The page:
Amid rumors of a widespread European bank recapitalization, CDS tightened for American and European banks last week. The TED spread and High Yield rates hit new YTD highs mid-week underscoring risk in the market.
Financial Risk Monitor Summary (Across 3 Durations):
- Short-term (WoW): Negative / 3 of 11 improved / 4 out of 11 worsened / 4 of 11 unchanged
- Intermediate-term (MoM): Negative / 1 of 11 improved / 6 of 11 worsened / 4 of 11 unchanged
- Long-term (150 DMA): Negative / 1 of 11 improved / 7 of 11 worsened / 3 of 11 unchanged
1. US Financials CDS Monitor – Swaps tightened across 20 of 28 major domestic financials last week.
Tightened the most vs last week: C, MS, TRV
Widened the most vs last week: GS, SLM, AIG
Tightened the most vs last month: PMI, ACE, MMC
Widened the most vs last month: GS, MS, AIG
2. European Financials CDS Monitor – Bank swaps mostly tightened in Europe last week. Swaps tightened for 26 of the 40 reference entities. The average tightening was 2.0%, or 10 basis points, and the median tightening was 3.3%
3. European Sovereign CDS – European sovereign swaps were tighter week over week. German and French sovereign CDS spreads tightened by 15% and 7% respectively from last Monday to today.
4. High Yield (YTM) Monitor – Last week, High Yield rates rose to a YTD high of 9.27 on Tuesday. Rates retreated throughout the rest of the week but still ended 17 bps higher at 8.77 versus 8.60 the prior week.
5. Leveraged Loan Index Monitor – The Leveraged Loan Index fell 12 points last week, ending at 1515.
6. TED Spread Monitor – The TED spread ended the week just off of its YTD high, 3.2 bps higher than the prior week at 38.6 bps.
7. Journal of Commerce Commodity Price Index – The JOC index continued its decline, falling 1.6 points to end the week at -18.7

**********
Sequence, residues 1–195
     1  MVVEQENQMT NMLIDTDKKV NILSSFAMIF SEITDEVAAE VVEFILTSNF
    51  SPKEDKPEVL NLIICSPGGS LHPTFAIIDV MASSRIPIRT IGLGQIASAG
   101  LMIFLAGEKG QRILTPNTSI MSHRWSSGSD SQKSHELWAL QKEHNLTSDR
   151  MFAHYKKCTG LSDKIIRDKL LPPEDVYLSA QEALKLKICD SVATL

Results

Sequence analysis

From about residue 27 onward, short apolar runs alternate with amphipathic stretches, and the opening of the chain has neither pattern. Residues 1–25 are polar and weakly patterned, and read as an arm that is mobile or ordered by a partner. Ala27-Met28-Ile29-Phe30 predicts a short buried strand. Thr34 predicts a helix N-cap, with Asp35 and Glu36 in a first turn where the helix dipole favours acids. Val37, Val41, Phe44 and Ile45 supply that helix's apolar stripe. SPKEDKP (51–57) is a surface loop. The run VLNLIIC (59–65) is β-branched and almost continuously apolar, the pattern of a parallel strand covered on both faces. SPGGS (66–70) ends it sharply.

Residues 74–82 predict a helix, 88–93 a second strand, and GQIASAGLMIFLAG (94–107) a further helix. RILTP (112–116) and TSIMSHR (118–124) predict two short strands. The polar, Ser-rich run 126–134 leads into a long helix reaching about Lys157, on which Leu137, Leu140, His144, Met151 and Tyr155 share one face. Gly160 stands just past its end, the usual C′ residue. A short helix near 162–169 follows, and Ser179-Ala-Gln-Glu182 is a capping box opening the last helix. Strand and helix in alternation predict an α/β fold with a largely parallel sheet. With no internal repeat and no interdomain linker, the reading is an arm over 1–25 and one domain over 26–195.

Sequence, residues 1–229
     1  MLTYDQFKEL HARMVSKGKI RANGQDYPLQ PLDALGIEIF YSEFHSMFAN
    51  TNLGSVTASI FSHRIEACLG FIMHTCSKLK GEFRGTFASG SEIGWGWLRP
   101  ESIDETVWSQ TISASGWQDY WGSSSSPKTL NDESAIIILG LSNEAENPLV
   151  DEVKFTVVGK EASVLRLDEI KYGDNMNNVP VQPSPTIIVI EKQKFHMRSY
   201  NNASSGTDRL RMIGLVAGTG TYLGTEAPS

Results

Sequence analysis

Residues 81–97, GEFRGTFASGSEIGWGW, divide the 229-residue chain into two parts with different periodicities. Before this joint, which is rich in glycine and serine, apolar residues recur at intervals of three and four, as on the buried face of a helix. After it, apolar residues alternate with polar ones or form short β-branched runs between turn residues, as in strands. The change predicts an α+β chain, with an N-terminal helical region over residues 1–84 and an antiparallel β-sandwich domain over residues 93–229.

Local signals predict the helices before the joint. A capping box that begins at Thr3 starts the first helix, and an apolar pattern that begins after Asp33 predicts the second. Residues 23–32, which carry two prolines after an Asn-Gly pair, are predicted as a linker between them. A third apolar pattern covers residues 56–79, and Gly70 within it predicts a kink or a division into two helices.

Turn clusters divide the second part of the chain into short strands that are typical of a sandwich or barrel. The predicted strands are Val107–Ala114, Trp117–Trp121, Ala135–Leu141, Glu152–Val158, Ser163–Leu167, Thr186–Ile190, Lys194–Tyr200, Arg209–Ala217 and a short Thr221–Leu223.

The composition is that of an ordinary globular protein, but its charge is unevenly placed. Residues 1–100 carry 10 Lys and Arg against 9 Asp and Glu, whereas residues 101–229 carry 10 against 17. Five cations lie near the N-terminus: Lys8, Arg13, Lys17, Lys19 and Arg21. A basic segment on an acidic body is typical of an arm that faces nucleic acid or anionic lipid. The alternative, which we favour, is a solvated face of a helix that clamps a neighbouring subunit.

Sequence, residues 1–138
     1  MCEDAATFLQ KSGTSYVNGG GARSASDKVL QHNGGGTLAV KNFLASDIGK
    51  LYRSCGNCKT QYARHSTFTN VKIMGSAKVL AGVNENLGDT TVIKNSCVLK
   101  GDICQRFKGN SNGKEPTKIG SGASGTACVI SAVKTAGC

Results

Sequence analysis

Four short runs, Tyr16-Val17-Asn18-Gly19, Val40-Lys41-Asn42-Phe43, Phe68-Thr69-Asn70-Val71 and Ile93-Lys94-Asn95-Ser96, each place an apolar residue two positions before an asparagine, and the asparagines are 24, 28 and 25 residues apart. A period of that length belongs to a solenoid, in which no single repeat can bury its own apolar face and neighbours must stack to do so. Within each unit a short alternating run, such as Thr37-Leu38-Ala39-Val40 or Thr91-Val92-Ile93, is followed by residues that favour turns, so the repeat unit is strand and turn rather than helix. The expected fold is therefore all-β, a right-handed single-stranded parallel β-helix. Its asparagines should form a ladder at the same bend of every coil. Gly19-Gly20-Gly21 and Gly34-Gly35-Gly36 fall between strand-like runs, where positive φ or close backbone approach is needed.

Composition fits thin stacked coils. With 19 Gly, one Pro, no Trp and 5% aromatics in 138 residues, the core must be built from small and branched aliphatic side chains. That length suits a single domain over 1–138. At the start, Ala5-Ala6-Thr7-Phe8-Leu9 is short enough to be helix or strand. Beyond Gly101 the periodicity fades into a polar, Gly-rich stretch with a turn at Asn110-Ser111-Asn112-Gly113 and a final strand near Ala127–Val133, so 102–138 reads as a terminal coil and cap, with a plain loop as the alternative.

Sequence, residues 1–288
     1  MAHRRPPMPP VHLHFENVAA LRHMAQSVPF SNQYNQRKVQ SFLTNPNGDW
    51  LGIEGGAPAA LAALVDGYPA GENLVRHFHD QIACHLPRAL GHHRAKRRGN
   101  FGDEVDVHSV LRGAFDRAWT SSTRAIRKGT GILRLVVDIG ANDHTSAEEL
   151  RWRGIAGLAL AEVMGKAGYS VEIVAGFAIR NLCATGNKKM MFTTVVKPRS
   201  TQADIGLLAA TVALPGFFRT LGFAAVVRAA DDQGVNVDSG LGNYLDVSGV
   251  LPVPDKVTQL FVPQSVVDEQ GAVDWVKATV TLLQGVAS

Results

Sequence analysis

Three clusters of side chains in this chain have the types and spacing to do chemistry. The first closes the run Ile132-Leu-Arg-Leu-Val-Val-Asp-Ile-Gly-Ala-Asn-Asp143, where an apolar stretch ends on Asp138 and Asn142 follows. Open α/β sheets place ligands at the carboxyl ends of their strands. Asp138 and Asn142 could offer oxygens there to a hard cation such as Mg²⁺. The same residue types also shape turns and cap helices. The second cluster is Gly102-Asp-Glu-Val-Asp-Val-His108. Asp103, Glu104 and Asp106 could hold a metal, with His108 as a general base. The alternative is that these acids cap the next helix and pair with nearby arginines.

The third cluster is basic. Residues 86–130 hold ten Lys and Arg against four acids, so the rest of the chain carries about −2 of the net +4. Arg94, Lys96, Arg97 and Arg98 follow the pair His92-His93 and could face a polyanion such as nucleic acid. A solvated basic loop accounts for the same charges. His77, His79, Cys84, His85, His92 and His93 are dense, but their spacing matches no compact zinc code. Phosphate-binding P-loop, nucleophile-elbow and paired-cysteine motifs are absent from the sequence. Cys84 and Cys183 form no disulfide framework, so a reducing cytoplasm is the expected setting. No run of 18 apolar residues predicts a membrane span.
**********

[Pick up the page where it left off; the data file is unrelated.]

8. Greek Yield Monitor – Last week the 10-year yield on Greek debt rose 84 bps to end the week at 2353 bps versus 2269 bps the prior week.
9. Markit MCDX Index Monitor – The Markit MCDX is a measure of municipal credit default swaps. We believe this index is a useful indicator of pressure in state and local governments. Markit publishes index values daily on six 5-year tenor baskets including 50 reference entities each. Each basket includes a diversified pool of revenue and GO bonds from a broad array of states. We track the 14-V1. After bottoming in April, the index has been moving higher. Last week, spreads fell 1 bps and closed at 176 bps.
10. Baltic Dry Index – The Baltic Dry Index measures international shipping rates of dry bulk cargo, mostly commodities used for industrial production. Higher demand for such goods, as manifested in higher shipping rates, indicates economic expansion. Last week the index rose 101 points, ending the week at 2000 versus 1899 the prior week.
11. 2-10 Spread – We track the 2-10 spread as an indicator of bank margin pressure. Last week the 10-year yield rose to 2.08, pushing the 2-10 spread to 179 bps, 12 bps wider than a week ago.
12. XLF Macro Quantitative Setup – Our Macro team’s quantitative setup in the XLF shows the following: 5.7% upside to TRADE resistance, 4.3% downside to TRADE support.
Margin Debt Falls in August
We publish NYSE Margin Debt every month when it’s released. NYSE Margin debt hit its post-2007 peak in April of this year at $320.7 billion. The chart below shows the S&P 500 overlaid against NYSE margin debt going back to 1997. In this chart both the S&P 500 and margin debt have been inflation adjusted (back to 1990 dollar levels), and we’re showing margin debt levels in standard deviations relative to the mean covering the period 1. While this may sound complicated, the message is really quite simple. First, when margin debt gets to 1.5 standard deviations or greater, as it did this past April, that has historically been a signal of extreme risk in the equity market - the last two times it did this the equity market lost half its value in the ensuing period. We flagged this for the first time back in May of this year.
The second point is that margin debt trends tend to exhibit high degrees of autocorrelation. In other words, the last few months’ change in margin debt is the best predictor of the change we’ll see in the next few months. This is important because it means that margin debt, which has retraced back to +0.64 standard deviations as of August, still has a long way to go. We would need to see it approach -0.5 to -1.0 standard deviations before the trend reversed. We’ve dropped 230 S&P handles in getting from +1.5 standard deviations to +0.64 standard deviations. There’s plenty of room for short/intermediate term reversals within this broader secular move, but overall this setup represents a material headwind for the market.
One limitation of this series is that it is reported on a lag. The chart shows data through August.
Joshua Steiner, CFA